It’s no surprise that mathematical computations play a crucial role in the realization of any new building. However, for the design of an experimental house in Yangju, South Korea, Studio Archiholic decided to translate these strict geometries quite literally. Like its name implies, the 9X9 Experimental House—designed for a 70-year-old painter who wanted a space where she could live and work—begins with outer walls set on a tightly defined 9 meter by 9 meter grid, providing a precise delineation of space.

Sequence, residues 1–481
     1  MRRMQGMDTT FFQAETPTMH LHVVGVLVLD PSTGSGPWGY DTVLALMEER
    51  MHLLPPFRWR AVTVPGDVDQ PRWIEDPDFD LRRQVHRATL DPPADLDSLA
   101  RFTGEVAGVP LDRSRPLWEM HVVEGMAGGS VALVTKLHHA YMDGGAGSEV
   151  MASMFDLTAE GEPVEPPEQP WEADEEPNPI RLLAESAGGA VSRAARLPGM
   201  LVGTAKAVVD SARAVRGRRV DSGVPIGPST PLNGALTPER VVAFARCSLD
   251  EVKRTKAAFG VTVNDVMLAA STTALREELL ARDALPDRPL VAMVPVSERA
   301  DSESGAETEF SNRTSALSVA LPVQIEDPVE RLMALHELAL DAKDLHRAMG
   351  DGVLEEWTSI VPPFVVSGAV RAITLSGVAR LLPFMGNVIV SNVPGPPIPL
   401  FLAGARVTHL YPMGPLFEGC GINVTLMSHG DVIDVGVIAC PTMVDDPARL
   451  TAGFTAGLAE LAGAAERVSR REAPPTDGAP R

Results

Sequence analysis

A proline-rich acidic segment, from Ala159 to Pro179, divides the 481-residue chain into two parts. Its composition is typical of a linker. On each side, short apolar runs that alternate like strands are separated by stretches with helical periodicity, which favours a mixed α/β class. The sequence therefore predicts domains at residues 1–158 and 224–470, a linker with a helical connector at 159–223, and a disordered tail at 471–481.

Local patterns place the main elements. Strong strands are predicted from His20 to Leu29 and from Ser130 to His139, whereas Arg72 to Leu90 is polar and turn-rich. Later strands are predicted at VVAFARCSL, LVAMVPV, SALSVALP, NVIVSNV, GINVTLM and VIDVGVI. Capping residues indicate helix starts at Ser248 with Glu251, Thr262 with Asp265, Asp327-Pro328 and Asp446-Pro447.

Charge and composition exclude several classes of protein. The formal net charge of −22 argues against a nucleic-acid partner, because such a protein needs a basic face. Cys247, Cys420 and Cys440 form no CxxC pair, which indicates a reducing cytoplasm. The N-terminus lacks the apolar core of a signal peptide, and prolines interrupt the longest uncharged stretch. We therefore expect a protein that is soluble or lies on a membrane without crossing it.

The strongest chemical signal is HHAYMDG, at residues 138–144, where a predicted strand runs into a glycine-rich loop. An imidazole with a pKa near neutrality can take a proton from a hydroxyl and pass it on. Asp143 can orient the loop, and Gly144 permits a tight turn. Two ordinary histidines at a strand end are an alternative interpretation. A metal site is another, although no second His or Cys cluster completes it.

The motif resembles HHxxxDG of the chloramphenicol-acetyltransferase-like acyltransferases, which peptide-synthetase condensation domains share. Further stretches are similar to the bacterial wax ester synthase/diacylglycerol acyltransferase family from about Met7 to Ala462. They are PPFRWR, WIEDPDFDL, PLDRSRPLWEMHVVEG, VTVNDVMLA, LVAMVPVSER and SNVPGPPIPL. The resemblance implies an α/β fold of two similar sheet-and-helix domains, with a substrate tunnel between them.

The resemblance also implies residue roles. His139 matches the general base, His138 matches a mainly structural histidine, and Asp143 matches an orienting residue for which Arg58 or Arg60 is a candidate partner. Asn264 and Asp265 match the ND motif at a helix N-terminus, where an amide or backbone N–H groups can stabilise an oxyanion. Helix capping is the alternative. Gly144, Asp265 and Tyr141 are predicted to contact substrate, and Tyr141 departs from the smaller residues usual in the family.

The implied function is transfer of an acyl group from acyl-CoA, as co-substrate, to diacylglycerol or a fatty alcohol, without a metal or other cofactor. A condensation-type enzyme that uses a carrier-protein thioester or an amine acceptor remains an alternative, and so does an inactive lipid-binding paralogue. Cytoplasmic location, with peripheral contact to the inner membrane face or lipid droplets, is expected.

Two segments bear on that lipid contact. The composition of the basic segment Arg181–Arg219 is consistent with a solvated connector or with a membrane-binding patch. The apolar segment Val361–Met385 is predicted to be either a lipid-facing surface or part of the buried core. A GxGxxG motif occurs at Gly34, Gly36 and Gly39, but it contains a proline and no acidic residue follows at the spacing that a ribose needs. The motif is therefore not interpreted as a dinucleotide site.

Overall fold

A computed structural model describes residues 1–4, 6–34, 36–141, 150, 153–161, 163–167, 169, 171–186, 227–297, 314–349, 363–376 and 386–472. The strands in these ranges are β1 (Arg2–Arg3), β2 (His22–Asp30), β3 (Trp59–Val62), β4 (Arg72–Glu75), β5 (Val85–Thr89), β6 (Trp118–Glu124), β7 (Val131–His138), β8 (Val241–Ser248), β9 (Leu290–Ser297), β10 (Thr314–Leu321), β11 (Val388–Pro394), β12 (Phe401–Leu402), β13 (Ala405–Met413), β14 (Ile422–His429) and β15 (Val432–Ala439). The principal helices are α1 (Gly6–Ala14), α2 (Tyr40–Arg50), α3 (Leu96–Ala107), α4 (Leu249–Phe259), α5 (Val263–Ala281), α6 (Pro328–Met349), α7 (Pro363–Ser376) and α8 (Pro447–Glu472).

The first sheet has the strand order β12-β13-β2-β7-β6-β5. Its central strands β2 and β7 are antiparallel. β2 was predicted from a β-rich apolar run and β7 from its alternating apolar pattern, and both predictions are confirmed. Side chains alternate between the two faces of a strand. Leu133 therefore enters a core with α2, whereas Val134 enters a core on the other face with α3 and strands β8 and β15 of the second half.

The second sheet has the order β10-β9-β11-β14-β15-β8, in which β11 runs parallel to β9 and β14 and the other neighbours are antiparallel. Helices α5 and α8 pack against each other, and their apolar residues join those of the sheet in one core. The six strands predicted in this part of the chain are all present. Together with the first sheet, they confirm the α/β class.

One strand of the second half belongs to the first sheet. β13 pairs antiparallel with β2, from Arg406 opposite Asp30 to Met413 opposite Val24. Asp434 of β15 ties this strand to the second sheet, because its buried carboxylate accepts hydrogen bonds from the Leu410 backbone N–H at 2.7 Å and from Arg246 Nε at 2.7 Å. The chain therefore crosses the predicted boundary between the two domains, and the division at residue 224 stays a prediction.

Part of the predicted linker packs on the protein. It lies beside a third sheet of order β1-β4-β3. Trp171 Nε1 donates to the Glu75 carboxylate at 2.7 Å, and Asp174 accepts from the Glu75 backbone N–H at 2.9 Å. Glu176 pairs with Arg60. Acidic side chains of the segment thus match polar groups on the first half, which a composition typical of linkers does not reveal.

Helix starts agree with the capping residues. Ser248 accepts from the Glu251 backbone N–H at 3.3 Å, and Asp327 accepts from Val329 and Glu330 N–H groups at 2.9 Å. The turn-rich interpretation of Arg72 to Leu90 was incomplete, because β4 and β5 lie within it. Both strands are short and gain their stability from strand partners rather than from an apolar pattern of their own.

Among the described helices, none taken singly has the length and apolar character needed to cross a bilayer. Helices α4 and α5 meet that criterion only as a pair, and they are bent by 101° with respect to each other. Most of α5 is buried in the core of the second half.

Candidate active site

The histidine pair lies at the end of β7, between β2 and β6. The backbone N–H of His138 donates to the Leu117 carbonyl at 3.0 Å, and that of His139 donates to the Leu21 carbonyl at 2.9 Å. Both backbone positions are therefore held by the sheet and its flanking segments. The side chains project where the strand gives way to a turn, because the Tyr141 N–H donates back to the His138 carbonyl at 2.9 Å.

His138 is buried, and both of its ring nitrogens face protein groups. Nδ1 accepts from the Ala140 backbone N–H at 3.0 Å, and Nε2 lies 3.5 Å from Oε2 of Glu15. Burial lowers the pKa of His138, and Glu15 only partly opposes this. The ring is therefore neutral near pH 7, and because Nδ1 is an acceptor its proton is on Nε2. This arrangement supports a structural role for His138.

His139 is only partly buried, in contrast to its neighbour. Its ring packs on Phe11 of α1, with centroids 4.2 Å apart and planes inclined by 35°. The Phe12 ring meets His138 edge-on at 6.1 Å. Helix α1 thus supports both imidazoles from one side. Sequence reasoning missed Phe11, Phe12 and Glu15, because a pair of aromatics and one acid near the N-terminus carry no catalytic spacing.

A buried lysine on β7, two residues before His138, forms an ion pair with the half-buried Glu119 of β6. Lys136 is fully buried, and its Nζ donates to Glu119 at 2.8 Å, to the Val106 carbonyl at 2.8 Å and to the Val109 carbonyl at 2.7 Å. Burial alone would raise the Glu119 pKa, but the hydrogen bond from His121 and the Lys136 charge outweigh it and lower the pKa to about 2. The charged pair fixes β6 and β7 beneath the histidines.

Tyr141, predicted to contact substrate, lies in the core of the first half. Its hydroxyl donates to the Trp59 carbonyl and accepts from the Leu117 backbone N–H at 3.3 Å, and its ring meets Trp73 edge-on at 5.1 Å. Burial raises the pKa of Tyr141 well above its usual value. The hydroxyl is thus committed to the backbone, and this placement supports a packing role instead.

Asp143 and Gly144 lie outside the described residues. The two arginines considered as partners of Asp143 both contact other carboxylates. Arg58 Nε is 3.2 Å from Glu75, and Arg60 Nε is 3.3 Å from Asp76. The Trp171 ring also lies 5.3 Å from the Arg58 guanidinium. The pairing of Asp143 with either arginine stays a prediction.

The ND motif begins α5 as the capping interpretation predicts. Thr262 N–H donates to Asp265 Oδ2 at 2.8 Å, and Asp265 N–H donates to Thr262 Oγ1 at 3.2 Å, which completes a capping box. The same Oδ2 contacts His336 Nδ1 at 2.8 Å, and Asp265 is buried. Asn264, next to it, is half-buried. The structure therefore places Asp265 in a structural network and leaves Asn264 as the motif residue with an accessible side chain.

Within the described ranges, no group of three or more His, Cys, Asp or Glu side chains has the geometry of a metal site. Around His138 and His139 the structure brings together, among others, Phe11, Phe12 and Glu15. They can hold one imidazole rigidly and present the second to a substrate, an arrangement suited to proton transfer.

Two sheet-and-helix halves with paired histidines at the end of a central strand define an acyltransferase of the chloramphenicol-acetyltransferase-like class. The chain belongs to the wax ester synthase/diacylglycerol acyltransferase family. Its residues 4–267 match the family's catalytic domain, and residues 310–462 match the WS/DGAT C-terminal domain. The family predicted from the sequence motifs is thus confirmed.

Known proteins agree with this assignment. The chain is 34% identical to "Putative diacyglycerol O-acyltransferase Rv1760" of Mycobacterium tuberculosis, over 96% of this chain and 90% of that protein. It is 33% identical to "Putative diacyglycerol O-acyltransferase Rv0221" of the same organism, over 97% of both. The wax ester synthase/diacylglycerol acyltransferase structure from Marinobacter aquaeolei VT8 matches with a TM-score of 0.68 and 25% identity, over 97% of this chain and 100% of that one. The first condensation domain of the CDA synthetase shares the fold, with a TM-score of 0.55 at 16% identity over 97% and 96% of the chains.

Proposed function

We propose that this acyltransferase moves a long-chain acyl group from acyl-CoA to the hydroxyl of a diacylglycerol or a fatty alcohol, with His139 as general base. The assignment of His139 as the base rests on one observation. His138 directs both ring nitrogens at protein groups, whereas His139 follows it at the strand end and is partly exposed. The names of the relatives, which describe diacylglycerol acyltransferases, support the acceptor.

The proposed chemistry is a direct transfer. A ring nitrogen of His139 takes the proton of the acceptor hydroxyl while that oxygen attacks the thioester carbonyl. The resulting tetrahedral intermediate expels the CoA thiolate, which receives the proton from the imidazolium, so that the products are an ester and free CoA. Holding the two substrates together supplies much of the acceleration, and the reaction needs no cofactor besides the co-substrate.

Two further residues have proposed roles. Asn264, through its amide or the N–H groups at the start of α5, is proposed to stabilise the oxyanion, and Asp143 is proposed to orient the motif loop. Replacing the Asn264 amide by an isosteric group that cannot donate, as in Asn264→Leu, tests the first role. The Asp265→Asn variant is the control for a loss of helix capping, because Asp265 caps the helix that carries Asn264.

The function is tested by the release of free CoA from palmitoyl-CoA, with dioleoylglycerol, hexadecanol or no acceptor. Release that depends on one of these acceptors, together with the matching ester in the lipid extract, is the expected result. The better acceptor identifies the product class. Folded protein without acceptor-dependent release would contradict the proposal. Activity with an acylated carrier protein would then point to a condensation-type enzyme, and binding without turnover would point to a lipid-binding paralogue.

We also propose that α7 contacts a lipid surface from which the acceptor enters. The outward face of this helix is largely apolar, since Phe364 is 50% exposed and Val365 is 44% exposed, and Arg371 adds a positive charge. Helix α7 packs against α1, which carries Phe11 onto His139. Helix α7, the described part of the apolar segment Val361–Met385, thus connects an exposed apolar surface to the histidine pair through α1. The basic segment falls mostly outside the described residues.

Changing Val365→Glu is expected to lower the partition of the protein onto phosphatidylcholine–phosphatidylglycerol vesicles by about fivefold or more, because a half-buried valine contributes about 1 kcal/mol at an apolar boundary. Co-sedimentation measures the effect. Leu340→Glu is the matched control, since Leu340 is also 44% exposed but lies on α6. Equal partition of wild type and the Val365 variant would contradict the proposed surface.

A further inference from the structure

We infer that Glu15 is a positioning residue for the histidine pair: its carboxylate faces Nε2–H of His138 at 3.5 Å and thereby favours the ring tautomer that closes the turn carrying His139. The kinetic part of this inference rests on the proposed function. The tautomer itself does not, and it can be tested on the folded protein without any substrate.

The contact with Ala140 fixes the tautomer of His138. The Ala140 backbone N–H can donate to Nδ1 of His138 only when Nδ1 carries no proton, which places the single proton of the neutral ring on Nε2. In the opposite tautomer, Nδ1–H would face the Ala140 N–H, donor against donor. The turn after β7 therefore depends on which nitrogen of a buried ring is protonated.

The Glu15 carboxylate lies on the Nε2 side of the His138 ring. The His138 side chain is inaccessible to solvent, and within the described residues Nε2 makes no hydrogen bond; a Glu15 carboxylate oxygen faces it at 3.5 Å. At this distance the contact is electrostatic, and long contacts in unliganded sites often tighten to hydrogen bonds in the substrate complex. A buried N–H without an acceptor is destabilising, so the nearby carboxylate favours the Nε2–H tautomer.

The architects have deconstructed the interior into three distinct parts: a furniture corridor, a variable zone, and an internal courtyard. The narrow, glass-encased furniture corridor consists of sliding doors and walls that open up to a living room, kitchen, and bathroom, while the variable zone consists of the physical walls that define the living spaces, which include both temporary and permanent divisions depending on the client’s needs. This design innovation allows the physical structure to adapt to the changing needs of the residents, presenting an alternative to the fixed properties of traditional housing.